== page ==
Know your chronograph! It shows through the scales!

That proverbial “3-dialled watch” is kind of every newly-jobholding, young adult’s dream and that desperation, as noticed, results in a lot of impulse purchases. Unless you select your chronograph right, soon it will become just another watch with nothing great about it apart from its chronograph look. You must also put your chrono to use from time to time; if nothing, then to keep the motor running.

Why run it silly? Make some use of that. See if it fits into anything in your daily life!

For that, you must know the chrono-types. Here we go!

Scales found most frequently around the chronograph:

  • Tachymeter: Measures speed. Start and then stop the chronograph when moving object reaches a given marker placed at one kilometer/one mile of distance from the objects point of start. The chronograph’s seconds-hand shall indicate the corresponding speed on the scale (mph/kmph).
  • Pulsometers: Measure heartbeats. These are also called doctor’s watches, with chronographs featuring a simple, reliable rapid heart rate reading scale. You got to count a determined number of pulsations (calibrated 15 or 30) and stop the chronograph to read the pulse per minute.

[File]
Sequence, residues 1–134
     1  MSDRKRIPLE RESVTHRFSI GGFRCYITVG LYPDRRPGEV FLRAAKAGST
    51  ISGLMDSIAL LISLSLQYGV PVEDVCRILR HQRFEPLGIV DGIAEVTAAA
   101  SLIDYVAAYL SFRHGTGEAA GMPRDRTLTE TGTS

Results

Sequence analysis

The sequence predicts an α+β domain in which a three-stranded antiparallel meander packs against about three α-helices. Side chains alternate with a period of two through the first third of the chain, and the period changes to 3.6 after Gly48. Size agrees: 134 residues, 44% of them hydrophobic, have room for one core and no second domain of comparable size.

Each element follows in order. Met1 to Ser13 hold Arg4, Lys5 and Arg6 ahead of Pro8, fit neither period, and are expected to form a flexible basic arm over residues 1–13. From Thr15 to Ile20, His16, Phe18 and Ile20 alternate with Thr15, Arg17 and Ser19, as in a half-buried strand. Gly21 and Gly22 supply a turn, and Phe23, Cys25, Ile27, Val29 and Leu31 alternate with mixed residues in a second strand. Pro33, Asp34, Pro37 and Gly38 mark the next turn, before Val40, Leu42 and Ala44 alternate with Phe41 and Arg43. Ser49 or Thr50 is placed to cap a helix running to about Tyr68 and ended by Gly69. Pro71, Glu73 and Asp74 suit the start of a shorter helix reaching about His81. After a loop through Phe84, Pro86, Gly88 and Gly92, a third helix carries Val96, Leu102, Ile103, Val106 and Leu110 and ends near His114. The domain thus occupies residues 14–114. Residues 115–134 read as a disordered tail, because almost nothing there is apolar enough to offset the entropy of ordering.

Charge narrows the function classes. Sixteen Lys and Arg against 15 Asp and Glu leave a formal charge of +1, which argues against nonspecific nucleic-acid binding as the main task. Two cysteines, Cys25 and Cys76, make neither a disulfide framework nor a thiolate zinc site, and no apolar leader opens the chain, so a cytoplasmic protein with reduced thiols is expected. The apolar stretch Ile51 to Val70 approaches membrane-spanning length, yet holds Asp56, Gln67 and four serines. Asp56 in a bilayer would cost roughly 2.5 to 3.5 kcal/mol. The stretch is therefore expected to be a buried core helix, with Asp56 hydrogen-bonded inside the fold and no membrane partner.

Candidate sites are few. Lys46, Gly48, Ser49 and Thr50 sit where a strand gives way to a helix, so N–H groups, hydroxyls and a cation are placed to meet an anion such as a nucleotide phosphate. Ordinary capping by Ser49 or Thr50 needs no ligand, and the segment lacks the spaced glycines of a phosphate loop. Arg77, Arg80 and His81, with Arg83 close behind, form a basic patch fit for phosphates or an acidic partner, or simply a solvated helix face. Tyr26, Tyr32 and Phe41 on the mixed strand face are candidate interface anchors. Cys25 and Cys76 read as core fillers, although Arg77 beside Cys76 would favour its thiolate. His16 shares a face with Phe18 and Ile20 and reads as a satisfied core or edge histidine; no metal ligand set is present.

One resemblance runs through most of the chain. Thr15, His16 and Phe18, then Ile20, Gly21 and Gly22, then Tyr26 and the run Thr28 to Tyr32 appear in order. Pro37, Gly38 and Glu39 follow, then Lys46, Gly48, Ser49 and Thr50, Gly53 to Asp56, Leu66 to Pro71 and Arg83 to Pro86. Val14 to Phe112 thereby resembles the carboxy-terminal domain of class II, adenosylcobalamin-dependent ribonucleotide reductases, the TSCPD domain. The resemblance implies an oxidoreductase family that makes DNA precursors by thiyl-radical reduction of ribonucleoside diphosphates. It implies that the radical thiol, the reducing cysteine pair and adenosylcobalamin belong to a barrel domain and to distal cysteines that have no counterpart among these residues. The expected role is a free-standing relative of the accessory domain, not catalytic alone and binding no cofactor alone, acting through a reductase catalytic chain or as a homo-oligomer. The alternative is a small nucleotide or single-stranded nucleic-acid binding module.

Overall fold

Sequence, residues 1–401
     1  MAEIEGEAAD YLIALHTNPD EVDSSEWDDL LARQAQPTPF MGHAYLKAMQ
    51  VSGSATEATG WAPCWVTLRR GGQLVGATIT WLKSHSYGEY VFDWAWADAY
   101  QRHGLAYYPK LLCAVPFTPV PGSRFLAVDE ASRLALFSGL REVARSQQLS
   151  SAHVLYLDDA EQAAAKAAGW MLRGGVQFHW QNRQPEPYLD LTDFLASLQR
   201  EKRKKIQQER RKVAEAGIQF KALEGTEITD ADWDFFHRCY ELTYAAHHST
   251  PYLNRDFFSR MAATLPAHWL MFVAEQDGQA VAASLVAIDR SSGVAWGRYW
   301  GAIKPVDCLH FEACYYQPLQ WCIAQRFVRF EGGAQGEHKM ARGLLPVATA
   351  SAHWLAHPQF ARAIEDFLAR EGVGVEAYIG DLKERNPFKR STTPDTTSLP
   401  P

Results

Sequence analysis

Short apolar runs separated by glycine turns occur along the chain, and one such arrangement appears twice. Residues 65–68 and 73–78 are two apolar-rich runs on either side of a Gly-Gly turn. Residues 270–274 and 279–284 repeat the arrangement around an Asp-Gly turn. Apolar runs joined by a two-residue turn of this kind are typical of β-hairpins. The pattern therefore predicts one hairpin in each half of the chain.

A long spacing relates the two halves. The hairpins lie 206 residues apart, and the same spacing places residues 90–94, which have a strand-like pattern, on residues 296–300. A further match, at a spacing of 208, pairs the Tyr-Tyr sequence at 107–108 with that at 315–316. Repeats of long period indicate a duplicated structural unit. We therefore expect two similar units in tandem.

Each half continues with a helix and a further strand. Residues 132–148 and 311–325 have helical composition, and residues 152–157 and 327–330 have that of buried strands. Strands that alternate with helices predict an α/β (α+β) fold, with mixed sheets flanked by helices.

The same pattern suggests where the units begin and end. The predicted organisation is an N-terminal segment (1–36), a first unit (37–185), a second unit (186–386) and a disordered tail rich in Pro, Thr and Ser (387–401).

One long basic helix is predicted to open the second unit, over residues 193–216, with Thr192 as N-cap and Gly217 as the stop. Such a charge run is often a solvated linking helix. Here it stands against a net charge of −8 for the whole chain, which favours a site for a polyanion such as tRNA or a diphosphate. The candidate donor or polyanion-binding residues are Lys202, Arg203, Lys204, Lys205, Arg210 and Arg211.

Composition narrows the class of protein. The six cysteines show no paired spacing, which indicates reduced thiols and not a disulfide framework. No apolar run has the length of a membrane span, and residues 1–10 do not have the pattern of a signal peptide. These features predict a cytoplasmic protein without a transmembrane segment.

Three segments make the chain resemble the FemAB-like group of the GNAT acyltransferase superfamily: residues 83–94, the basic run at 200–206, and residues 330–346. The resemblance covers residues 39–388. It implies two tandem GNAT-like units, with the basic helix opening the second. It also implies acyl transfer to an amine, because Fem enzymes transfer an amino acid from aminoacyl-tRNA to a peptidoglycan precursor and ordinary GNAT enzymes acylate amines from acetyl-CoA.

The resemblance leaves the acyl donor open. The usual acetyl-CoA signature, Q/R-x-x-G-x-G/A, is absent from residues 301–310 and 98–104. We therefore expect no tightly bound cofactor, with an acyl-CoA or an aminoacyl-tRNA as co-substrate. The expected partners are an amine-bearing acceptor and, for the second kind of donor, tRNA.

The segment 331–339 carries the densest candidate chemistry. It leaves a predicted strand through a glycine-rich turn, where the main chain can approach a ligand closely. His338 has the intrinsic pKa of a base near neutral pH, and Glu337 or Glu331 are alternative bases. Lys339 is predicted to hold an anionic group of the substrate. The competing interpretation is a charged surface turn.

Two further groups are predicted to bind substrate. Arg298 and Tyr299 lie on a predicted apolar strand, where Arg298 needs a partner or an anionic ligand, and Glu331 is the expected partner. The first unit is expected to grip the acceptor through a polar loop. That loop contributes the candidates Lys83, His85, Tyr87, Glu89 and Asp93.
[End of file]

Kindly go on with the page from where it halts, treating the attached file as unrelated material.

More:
• Telemeters: Measures the span between an event’s initiation and termination. Uses the difference between the speeds of light and sound. Start chronograph when an event is seen and stop when heard (e.g. lightning). The chronograph seconds hand shall indicate the distance of the event from your present spot.
  • Countdown timers: Measures the time you got left before deadline. Placed usually on rotating bezels and work independently from the chronograph.

The chrono– types

  • Fly-back: French call it the retour-en-vol; they return to zero and start counting immediately. All with a single push of a button. Appreciated for saving time with its instant retiming feature.
  • Rattrapante: It’s split-second in English; doppelchronograph in German. 2 superimposed seconds-hands time two different events at a time, at two different intervals. It can stop and point at an intermediate time while the other one keeps running. The stopped hand catches up with the moving hand when the pusher is pressed for the second time.
  • Foudroyante: The same ones as you call the one-fifth or one-tenth seconds chronographs. Sometimes, they get multiple dials to show the finer divisions of a second.

About movements

The fundamental types of chronograph movements; technically, are either modular or integrated.

An integrated chronograph movement is intended to become a chronograph movement right from its conception. Modular chronograph movements are a base caliber added with a chronograph module. Modular movements are flexible and if you are planning to go for very high-end,, expensive mechanical modules, Dubois-Dépraz from the Vallée de Joux, designs and manufactures some of the bests.

Watch(es) mentioned in this post are listed below.  Click to see details and buy them: